Daniel Serfaty: Deirdre I think that each time I say the word, Charlie, I say her name in public at Aptima, everybody smiles. And it's a strange reaction of complicity, but also almost humor. Why is that?

Deirdre Kelliher: That's a really good point. I hadn't even thought about it, but I'm just smiling, hearing about it now. I think there's definitely multiple reasons. Like you said, there's humor, there's complicity. I think for one, the developers of Charlie and the leadership have done a really good job of acting as internal PR for Charlie. We've got our team, we've been working really hard with developing her and her capabilities, but we want to introduce her to the rest of the company. And so we've done a lot of networking, I suppose, for Charlie in the company to introduce people to her. And I think that has involved a lot of serendipitous and sometimes even fun or humorous engagements with Charlie. For example, one of the things that I've worked on just as a fun side project with Charlie is putting together a rap back in, must have been April.

Some of the people in the company in other divisions were having a little fun with an internal Aptima rap battle. And we got Charlie to contribute to that, just to have a little fun with the other employees and as a way to keep exposing Charlie to her coworkers. I think that when people think of Charlie, they think of those fun, humorous, sometimes surprising interactions with Charlie.

Daniel Serfaty: That's very good. And it opens a topic that again, I would like to discuss with you a little later, this notion of emotional connection. A lot of the models that we have with AIs usually AI as a tool like a hammer or like an app that we use in order to do our work. But the smile anecdote that you just told us about is really already giving us a taste of our future connection with artificial intelligence. This notion of, as Pat says so well, treating them like a human, even though they are not human, they certainly have an intelligence that is different from our own human intelligence, but being tolerant, being humorous, being accomplices, basically in doing our work. And that's very interesting to me because that's not something that was engineered into Charlie that's something that happened collectively spontaneously.

Talking about the engineering, Nathan you've been around for a while in these AI trajectories, you've seen at least two generation of AIs people are talking today about the third wave of AI or this notion of contextual AI that has a sense of itself almost. Could Charlie have been created 10 years ago, five years ago?

Nathan Schurr: I think that there's two kinds of barriers that have been crossed and they've been probably crossed more recently than even five years ago. I really think around two or three years ago, we started to see this huge explosion in the deep RL and transformer based architectures in their ability to generate and perform on a variety of different benchmarks. That really excited me and probably made it so that I was not quite as scared as I should have been last year when I was starting to approach this. I feel like the two kinds of hurdles though, to be clear that have been crossed are technical and cultural. And so the technical hurdles, just in terms of the cloud compute and the cloud infrastructure can quickly stand up and bring massively parallel generation of different kinds of responses that Charlie can speak and having a quick turnaround in her ability to not only be listening to what's just being said right now, but also speak up quickly and say relevant things that would not have been possible a few years ago.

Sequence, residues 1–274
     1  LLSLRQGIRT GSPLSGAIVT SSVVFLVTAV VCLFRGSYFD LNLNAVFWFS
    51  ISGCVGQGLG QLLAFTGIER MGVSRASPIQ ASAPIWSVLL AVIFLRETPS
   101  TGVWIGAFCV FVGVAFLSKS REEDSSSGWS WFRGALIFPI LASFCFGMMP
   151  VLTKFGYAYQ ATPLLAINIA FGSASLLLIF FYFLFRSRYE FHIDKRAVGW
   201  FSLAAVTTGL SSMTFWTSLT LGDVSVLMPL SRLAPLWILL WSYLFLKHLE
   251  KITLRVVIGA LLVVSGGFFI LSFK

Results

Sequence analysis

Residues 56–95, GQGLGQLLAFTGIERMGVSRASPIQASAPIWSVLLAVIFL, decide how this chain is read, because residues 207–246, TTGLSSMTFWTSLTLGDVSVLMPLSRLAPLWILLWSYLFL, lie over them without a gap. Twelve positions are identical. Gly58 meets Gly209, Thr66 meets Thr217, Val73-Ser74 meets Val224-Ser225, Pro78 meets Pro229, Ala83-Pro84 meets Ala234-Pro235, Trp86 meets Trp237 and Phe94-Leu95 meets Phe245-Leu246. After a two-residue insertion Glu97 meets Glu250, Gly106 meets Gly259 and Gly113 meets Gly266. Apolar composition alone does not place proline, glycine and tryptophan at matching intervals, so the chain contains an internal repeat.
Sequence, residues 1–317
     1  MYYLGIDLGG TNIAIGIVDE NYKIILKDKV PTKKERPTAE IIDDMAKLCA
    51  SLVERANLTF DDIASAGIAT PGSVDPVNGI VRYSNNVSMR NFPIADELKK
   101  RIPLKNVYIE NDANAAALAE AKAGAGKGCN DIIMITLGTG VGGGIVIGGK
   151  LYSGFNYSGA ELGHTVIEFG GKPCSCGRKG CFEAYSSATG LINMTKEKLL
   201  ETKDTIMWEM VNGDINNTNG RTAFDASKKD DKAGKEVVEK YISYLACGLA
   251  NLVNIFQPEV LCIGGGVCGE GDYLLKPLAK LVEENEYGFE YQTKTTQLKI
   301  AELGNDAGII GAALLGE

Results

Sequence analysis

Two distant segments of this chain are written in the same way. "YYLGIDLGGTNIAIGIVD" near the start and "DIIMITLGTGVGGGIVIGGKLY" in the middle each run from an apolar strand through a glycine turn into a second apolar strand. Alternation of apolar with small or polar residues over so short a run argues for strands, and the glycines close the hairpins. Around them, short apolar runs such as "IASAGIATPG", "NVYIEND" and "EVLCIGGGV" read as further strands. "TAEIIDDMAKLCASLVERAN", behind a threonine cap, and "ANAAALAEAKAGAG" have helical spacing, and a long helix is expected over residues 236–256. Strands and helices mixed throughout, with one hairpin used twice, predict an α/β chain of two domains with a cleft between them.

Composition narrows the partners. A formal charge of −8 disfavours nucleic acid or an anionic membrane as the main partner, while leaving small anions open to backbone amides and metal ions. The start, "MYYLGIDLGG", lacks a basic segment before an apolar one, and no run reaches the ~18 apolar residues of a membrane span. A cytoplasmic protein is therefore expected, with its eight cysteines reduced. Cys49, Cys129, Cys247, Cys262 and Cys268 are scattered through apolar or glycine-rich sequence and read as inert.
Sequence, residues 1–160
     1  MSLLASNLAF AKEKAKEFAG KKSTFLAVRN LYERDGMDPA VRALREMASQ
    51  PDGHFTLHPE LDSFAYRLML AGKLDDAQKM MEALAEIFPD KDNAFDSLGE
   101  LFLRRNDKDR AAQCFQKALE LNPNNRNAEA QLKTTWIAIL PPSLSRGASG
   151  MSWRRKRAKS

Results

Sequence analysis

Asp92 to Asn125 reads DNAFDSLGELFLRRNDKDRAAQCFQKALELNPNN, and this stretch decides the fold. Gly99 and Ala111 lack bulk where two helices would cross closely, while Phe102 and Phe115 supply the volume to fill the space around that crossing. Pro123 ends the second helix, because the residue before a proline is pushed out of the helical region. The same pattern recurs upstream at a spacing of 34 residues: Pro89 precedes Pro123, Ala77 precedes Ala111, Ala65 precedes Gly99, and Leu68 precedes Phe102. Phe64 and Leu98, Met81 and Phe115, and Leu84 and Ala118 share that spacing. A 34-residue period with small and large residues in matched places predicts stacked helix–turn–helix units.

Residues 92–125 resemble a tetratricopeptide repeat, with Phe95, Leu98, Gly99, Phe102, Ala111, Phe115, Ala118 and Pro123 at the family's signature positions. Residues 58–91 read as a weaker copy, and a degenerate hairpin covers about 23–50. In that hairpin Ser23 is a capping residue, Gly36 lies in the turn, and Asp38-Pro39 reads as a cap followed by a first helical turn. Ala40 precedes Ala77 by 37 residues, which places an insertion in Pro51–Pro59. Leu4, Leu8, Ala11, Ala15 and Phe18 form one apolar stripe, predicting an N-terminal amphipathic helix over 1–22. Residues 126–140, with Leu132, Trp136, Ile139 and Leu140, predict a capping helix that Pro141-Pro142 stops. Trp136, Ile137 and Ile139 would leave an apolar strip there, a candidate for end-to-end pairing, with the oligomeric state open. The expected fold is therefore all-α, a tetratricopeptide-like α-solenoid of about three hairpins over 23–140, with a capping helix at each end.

What was fun last year as we were building the foundational version of her for that panel at the end of last year, was that every month or two, a new model, a new insight, a new data set would be released. And then I would have to reach out to Pat and say, "I know you're going to hate me, but could we use this new version now because I think it's a lot better and let's try it."

Daniel Serfaty: It's interesting. By the way, we're all using acronyms and language and RL for our audience is reinforcement learning, is that right?

Nathan Schurr: Yeah.

Daniel Serfaty: Okay. Pat, as kind of the key architect of that system, how do you feel about the incredibly fast base, like nothing I have ever witnessed in my technical career, fast space of production, of new capability, new data sets, new language models that enable us to shape and to improve on the performance of Charlie. How does it feel as a scientist, as an engineer to be able to constantly absorb and constantly adapt to what's out there at the written unheard of in the history frankly, of science?

Pat Cummings: Incredible. We've always admitted that we're standing on the shoulders of giants here. The models we use, the data sets we use is come from research that people are doing in this generative model field. And it is just like Nathan was saying, every few months, sometimes even quicker, something new comes out and just really takes Charlie to another level. What we were seeing Charlie say eight months ago versus six months ago, versus today it's really it's night and day. It is like, a child turning into a teenager, turning into an adult, the insights just grow. And I think it's a struggle to keep up, but it's a race that I'll never complain about advances coming too fast. It's just, they blow me away and seeing what people are doing with the new generative models that are coming out as recently as like a month ago is incredible. We're seeing these amazing things and it's so great to be on the forefront and working on Charlie as these are coming out. And so we're seeing all these new things that Charlie can do.

Daniel Serfaty: That's fascinating because I think if I compare other things, I'm an aerospace engineer. Nobody came up every three months with a new equation of fluid dynamics. Those things have been around for a hundred years. Maybe somebody will come with a new material, but that's every few years. Or maybe somebody will come with a new way to do hypersonics maybe every few months, but every week having something or every few weeks having something, it's another scale. And Deirdre you joined the team when Charlie was already born, I assume, how do you adapt to those fast changes? Not how does Charlie adapt, that's one thing, but how do you as a scientist or an engineer working on Charlie adapt to the fact that it is a system that learns and learns very fast?